Politician to Dbacks: “take your stupid baseball team and get out”

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You’ll recall that back in March it was revealed that the Diamondbacks were pestering Maricopa County, Arizona for nearly $200 million for upgrades to Chase Field and threatened a lawsuit to break their lease if they didn’t get it. Then you will recall that the country countered by telling the Dbacks (a) a huge chunk of what you’re asking for are Dbacks operation expenses that have nothing to do with the ballpark; and (b) the stuff that has to do with the ballpark is your responsibility anyway.

That little bit of politics has been simmering for a while, but the Arizona Republic has been diligently tracking it. Lately a lot of fun stuff has spilled out of it in the form of letters and stuff between the parties. Yesterday the Republic released a doozie: outgoing Maricopa County Supervisor Andy Kunasek’s letter to Dbacks President Derrick Hall from last April in which the former ripped the latter a new one.

You should go read the whole thing, but know that he minced no words in calling the Dbacks’ request “an obscene demand,” and referred to baseball as “a parasitic enterprise which is well on its way to destroying its host,” and chided Hall for being “the personal valet” for the Dbacks owners. The Republic further reports that when Kunasek delivered the letter — personally — he said “take your stupid baseball team and get out” and go back to “f***king West Virginia.”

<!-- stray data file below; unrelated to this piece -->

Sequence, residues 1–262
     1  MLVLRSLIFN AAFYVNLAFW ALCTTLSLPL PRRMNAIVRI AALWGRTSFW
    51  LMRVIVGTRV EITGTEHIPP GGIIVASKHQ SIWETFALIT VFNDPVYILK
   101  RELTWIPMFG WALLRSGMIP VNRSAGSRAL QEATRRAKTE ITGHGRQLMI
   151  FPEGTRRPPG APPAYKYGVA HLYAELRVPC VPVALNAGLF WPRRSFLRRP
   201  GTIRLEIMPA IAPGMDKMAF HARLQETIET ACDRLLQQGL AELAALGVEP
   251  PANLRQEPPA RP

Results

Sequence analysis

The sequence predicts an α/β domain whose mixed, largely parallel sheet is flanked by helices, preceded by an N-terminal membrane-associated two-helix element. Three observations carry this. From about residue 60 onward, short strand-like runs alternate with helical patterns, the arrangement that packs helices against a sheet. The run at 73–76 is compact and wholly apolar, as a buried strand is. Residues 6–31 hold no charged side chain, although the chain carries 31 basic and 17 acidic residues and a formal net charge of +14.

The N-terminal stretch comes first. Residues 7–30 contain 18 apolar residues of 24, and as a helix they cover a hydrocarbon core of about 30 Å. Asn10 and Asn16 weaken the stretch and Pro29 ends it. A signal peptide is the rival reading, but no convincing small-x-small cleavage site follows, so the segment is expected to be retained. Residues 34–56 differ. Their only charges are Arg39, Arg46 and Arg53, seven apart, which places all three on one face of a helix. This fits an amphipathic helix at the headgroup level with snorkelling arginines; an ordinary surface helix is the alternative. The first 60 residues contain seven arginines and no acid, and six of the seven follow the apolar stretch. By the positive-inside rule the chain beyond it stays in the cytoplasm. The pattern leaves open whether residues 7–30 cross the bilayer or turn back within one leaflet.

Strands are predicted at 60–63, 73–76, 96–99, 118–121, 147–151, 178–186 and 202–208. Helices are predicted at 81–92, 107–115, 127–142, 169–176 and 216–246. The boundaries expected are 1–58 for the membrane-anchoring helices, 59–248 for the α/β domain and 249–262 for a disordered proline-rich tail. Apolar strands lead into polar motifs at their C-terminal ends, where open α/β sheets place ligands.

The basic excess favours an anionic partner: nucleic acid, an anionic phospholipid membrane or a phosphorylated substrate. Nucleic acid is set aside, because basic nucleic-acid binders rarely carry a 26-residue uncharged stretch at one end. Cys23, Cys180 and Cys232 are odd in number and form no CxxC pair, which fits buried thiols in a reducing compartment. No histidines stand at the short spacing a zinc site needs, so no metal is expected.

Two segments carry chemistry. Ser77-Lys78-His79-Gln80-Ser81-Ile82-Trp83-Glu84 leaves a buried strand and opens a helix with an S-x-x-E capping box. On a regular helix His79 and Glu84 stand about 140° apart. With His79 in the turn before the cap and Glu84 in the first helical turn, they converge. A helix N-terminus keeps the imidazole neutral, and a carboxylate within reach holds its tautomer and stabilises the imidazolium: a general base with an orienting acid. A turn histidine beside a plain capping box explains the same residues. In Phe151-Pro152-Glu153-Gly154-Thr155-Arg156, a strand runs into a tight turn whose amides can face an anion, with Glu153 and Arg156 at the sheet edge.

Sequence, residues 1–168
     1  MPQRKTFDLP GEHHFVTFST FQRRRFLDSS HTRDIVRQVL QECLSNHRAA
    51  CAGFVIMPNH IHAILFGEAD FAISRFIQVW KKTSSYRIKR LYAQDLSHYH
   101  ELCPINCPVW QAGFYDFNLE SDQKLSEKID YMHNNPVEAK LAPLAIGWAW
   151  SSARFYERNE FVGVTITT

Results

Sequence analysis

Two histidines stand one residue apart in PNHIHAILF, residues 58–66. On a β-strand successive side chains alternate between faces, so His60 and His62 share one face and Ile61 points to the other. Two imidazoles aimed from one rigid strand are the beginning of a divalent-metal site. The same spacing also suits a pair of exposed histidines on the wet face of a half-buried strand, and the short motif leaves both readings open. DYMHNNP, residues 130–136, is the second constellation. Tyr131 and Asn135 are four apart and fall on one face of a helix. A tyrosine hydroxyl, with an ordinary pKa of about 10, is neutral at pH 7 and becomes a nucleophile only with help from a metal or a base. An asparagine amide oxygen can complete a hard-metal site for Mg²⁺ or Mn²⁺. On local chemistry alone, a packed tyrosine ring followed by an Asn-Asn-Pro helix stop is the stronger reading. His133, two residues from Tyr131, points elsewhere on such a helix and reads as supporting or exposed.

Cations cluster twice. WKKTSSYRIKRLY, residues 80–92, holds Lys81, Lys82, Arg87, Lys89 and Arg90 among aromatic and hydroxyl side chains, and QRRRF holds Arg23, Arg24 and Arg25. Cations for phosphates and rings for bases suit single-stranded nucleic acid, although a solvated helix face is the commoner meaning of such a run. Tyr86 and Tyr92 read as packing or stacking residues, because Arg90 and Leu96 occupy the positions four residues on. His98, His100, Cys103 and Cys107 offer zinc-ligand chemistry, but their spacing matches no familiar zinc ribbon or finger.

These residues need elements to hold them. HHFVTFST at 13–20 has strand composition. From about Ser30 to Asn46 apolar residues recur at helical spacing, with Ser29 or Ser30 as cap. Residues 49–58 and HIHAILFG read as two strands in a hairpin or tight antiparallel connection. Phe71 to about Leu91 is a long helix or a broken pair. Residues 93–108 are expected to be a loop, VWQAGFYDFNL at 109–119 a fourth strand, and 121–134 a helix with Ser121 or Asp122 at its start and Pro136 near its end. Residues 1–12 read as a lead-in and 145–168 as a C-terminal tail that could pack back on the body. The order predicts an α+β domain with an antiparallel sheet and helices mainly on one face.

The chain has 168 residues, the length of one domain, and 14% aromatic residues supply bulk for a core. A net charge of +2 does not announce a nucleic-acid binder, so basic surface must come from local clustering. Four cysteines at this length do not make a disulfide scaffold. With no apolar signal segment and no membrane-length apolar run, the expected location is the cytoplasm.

Hall is from Los Angeles, but I take that to mean “see if there is someplace else that will build you a stadium.” As a West Virginian myself, I’ll note that there really is not an appropriate market for Major League Baseball in that state, but I’ll leave that assessment to the sports business professionals. I dunno, maybe Iaeger? Mt. Hope? It’d certainly provide a pretty backdrop behind the outfield wall, even if they drew only 500 people a game and didn’t have a TV deal.

Anyway, this is all delicious fun, but it’s probably not particularly meaningful in the grand scheme. This politician standing up to a baseball team is leaving office and is being bolder than usual, I suspect, because he is not facing reelection. The Dbacks likewise realize that he’ll be gone soon and maybe someone more pliable will take his place. Baseball teams know how to ply, that’s for sure. I’ve long argued that politicians should stand up like this more often, but until one does so and pairs his words with some effective executive/legislative action (or executive/legislative restraint) that serves to thwart a public stadium boondoggle, they’re all just words.